It's the Year 2000 Economy, Stupid

Exactly eight years ago, I trudged through New Hampshire sleet and slush, telling anyone who'd listen that Bill Clinton would do wonders for the American economy. Now, as the nation lurches into a millennial election year, most Americans seem largely content. The economy has faded as an election-year issue. But it shouldn't have—there are Two Big Things about the American economy that ought to be framing the upcoming election.

Big Thing Number One: America has been growing faster than ever. Productivity has been rising 2.1 percent a year since 1993, according to just-revised statistics. I wish the Clinton administration could take full credit, but it turns out that, as Barry Bluestone explains in this issue [see "Conversation: Clinton's Bequest Reconsidered," page 18], the productivity-growth spurt actually began picking up steam in the early 1980s. The recession of 1991-92 was only a temporary pause. Neither Reagan's supply-side tax cuts nor Clinton's deficit-thwacking budget cuts have contributed much to economic growth. The real engine of growth has been the revolution in information technology, which is transforming America into a super-efficient digital colossus. There's no reason to suppose this long-term trend should slow. Put simply, America is richer than ever and will become even more so.

Which brings us to Big Thing Number Two: Almost all of these gains have been going to people at the top. According to recent data from the congressional budget office, this year the richest 2.7 million Americans, comprising the top 1 percent of the population, will have as many after-tax dollars to spend as the bottom 100 million put together. Meanwhile, the poorest one-fifth of households will have an average income of $8,800 this year, down from $10,000 in 1977 (in current dollars). Since the start of the Clinton administration, the incomes of the richest one-fifth have risen twice as fast as those of the middle fifth.

This calculation doesn't even include deferred income and other perks, such as stock options, which have gone mostly to people at the top. And, notably, it does not include increases in the values of rapidly growing stock portfolios—add these into the mix, and the wealth gap turns into the Grand Canyon. At the start of the Clinton administration, the Dow stood at 3,300. Now it's hovering around 10,800. Eighty-five percent of this windfall has gone to the top 10 percent of earners—and over 40 percent to the top 1 percent.

Now back to politics. Big Thing Number One means that America can afford to do a lot more than it is currently doing. Assuming that productivity continues to rise at least at the current rate—a safe assumption, as it's been moving upward for almost two decades—10 years from now the American economy will be nearly 25 percent larger than it is now. We could cut taxes on the poor—by, say, eliminating the payroll tax on the first $10,000 of income or expanding the Earned Income Tax Credit so the wage supplement is ample to lift all workers and their families out of poverty. We could make sure every American has health insurance, every preschool child has safe and intellectually stimulating day care, and all the nation's school children are in classes with no more than 20 other children, led by well-paid teachers who meet high standards. We could also, if we wished, pay off more of the federal debt (which, by the way, is already shrinking in proportion to the overall economy). We could do all of these things and still have enough left over to fully fund Social Security and Medicare.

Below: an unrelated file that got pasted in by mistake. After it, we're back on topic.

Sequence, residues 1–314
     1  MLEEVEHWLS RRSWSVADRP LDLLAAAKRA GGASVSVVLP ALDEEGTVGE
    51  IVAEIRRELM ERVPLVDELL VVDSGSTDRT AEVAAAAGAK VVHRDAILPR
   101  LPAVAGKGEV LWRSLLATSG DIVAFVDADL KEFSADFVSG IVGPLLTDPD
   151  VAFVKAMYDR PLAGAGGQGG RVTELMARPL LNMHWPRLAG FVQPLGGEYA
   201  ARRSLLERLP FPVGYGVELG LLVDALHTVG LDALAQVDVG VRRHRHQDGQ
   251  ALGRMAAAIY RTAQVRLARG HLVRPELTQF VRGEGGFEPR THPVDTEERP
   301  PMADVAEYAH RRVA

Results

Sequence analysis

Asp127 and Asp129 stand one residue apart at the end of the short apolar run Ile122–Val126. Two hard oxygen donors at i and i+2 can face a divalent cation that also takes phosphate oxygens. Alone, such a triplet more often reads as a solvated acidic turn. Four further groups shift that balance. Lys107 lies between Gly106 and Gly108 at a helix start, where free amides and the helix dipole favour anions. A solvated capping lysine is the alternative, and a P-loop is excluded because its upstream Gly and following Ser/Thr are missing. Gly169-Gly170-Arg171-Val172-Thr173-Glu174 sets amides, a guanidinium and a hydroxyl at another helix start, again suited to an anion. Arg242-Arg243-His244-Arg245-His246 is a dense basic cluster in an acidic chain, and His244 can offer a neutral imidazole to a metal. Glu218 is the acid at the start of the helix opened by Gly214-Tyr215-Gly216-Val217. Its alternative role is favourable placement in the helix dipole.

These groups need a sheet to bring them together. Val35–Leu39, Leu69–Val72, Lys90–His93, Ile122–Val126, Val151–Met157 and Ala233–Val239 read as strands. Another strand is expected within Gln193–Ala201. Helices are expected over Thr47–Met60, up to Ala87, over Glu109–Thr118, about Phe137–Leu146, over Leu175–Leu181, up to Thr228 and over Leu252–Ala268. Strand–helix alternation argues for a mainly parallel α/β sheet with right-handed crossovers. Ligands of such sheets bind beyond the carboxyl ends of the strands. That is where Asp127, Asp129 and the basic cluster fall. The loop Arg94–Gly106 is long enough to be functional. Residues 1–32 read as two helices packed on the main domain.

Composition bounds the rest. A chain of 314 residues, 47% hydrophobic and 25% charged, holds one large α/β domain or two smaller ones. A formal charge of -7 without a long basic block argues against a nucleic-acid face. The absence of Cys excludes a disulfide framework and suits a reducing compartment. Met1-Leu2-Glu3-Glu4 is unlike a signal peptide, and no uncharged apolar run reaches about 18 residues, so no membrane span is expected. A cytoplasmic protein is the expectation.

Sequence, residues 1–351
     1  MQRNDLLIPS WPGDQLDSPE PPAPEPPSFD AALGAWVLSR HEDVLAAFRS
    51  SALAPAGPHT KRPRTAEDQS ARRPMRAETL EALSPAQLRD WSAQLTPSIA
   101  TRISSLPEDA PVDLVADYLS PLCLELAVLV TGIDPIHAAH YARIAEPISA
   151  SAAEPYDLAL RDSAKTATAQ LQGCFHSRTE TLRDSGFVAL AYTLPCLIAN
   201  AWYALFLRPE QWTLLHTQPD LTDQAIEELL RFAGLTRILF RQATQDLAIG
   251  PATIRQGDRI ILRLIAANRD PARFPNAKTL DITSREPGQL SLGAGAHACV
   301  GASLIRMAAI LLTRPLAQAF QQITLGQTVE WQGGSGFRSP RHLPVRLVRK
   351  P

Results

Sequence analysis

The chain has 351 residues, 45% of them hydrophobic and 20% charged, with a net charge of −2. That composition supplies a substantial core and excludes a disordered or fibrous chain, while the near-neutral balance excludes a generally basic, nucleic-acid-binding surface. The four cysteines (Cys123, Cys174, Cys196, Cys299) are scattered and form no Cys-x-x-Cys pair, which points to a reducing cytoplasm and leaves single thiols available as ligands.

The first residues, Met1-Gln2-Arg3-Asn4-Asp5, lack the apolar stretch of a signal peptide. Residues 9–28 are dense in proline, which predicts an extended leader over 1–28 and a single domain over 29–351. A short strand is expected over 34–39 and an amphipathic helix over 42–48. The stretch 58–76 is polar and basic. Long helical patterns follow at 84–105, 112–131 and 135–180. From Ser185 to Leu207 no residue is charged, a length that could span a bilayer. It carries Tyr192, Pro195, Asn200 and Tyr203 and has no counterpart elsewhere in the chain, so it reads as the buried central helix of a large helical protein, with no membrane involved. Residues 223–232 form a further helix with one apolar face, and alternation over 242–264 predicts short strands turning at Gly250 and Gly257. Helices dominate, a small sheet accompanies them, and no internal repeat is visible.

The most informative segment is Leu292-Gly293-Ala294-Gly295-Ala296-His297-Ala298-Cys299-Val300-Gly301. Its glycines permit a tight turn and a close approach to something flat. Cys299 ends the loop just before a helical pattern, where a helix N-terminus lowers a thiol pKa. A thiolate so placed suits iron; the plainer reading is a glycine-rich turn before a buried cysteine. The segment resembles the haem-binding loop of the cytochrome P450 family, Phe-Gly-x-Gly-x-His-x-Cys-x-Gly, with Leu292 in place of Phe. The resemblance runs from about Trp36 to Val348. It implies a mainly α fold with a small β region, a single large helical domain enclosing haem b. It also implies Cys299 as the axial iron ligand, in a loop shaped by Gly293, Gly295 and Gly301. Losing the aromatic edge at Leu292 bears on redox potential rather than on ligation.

Big Thing Number Two means that whatever we decide to do, the richest among us can afford to pay more to do it and still be fabulously wealthy. Since the start of the 1980s, Americans' financial wealth has grown to $32 trillion from $7 trillion, four times faster than federal expenditures. There's no reason we have to limit our national ambitions to what the projected budget surplus can pay for—or to the even tinier amount that the projected "non-Social Security" surplus can pay for—despite these becoming suddenly, and for no sound economic reason, the de facto standards for fiscal prudence.

Since I trudged through New Hampshire eight years ago, the American economy has soared, but only a relatively few people have soared with it. Given what's happened to the fortunes of the rich, it's a safe bet that income taxes could be raised on Americans in the top brackets and they'd hardly feel it. Even if they had to pay a small wealth tax in addition, the rich would still be far better off than they were only a few years ago. According to New York University's Edward Wolff, an expert on the wealth gap, a wealth tax starting at one-twentieth of one percent on net worths of $1 million, and rising to 1 percent on the super rich, would yield about $50 billion per year. Imagine earmarking this for, say, the education of poor kids.

These Two Big Things should change the way we talk about our national aspirations. Let the naysayers and pessimists say we won't continue to be as productive and can't afford to do what we should be doing. Let the rich say they don't want to use any more of their burgeoning wealth to give everyone else a better chance. Then let the rest of us tell them why they're dead wrong. That would be a debate worthy of the millennium.



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